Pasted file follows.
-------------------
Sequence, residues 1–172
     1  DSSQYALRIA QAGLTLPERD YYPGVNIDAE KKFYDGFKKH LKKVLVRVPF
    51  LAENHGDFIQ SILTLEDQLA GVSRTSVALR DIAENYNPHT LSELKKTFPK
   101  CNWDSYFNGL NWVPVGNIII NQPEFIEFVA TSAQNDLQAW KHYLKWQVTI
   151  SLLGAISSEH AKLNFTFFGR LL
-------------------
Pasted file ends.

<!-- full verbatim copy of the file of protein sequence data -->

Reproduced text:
Sequence, residues 1–172
     1  DSSQYALRIA QAGLTLPERD YYPGVNIDAE KKFYDGFKKH LKKVLVRVPF
    51  LAENHGDFIQ SILTLEDQLA GVSRTSVALR DIAENYNPHT LSELKKTFPK
   101  CNWDSYFNGL NWVPVGNIII NQPEFIEFVA TSAQNDLQAW KHYLKWQVTI
   151  SLLGAISSEH AKLNFTFFGR LL